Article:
Marijuana Justice Act Seeks to Legalize Cannabis Nationwide
August 10th, 2017
The full legalization of marijuana in all 50 states is the holy grail of marijuana activism. The idea of legalization nationwide seemed far-fetched and only in the Smokey dreams of marijuana enthusiast just a few years ago. Now with eight states and DC passing recreational marijuana, another twenty-nine states and DC embracing full plant medical cannabis and the myriad of other states that have passed low THC medical marijuana laws, full legalization seems closer than ever. A recent CBS poll that shows 61% of Americans think marijuana should be legalized, 88% support medical marijuana and 71% disagree with the Federal Government interfering with state marijuana laws is indicator legalization is on the horizon. Unfortunately, the new Attorney General, Jeff Sessions, does not share in the belief that recreational or medical marijuana should be legal. Sessions sent a letter to Congress in May asking for funding to go after medical marijuana states, and recently he has hinted at a crack down on states with recreational marijuana. With growing public support for medical marijuana, a group of Senators pushed back against Sessions by reintroducing the CARERS Act. Now going even further, New Jersey Senator Cory Booker (D) has introduced a bill in the Senate that will legalize marijuana in all 50 states, as well as, seek to repair some of the damage done by the war on marijuana.
Senator Booker took to Facebook Live to introduce his new bill known as the Marijuana Justice Act (MJA). He cites in the video the disproportionate effect marijuana laws have had on low income and communities of color. Despite whites and African Americans using marijuana at similar rates, studies show African Americans are 4 times as likely to be arrested for marijuana possession as their white counterparts. According to Booker, this inequality in marijuana arrests has not only affected the individuals arrested, but their families and communities as well. Law enforcement has arrested more people for marijuana possession than all violent crimes combined is another statistic that demonstrates the need for marijuana reform. Additionally, marijuana arrests make up over half of all drug arrests. He also points out the billions of dollars spent on enforcing racially biased marijuana laws, and says the money could be better used rebuilding low income communities who have suffered during marijuana prohibition. By taking a broad approach which includes complete marijuana legalization and community reinvestment, the MJA seeks to reverse some of the damage done by the war on marijuana. Here are some highlights of what the bill does.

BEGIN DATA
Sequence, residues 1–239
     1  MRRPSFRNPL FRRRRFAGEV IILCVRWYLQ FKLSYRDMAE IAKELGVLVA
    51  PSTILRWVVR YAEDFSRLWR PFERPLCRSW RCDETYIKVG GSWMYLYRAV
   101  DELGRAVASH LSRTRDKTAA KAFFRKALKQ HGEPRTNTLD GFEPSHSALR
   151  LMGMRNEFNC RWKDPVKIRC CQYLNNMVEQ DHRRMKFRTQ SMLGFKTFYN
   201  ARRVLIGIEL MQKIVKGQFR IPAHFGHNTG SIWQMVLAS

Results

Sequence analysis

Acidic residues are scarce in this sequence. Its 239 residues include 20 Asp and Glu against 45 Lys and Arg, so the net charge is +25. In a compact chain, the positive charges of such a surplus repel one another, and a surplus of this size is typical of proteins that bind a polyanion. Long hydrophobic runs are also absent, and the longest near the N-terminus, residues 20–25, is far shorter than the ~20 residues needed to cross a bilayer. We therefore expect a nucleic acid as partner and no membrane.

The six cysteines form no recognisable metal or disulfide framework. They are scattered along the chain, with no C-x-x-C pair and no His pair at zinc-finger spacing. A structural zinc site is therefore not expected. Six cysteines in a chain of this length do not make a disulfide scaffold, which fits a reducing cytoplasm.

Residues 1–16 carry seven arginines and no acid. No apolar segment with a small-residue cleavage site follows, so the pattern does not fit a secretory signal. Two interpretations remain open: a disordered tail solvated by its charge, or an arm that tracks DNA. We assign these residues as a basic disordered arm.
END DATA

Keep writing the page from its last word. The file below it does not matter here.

The MJA will first deschedule marijuana as a controlled substance. This will legalize marijuana in all 50 states. Next, the act will provide incentives to states to legalize marijuana, and for states that already legalized it to fix any marijuana laws that disproportionally effect low income and communities of color. Furthermore, the historic act will expunge all Federal marijuana use and possession convictions, and set up a process whereby people incarcerated for marijuana use and possession will be able to petition a court to have their sentences reduced. Finally, and perhaps the most consequential piece of the bill, the MJA will set up a community reinvestment fund. The first of its kind fund can be spent on job training, reentry services, expenses related to the expungement of convictions, public libraries, community centers, programs and opportunities dedicated to youth and health education programs.
“Our country’s drug laws are badly broken and need to be fixed,” Senator Booker said. “They don’t make our communities any safer – instead they divert critical resources from fighting violent crimes, tear families apart, unfairly impact low-income communities and communities of color, and waste billions in taxpayer dollars each year.” He continues. “Descheduling marijuana and applying that change retroactively to people currently serving time for marijuana offenses is a necessary step in correcting this unjust system. States have so far led the way in reforming our criminal justice system and it’s about time the federal government catches up and begins to assert leadership.”
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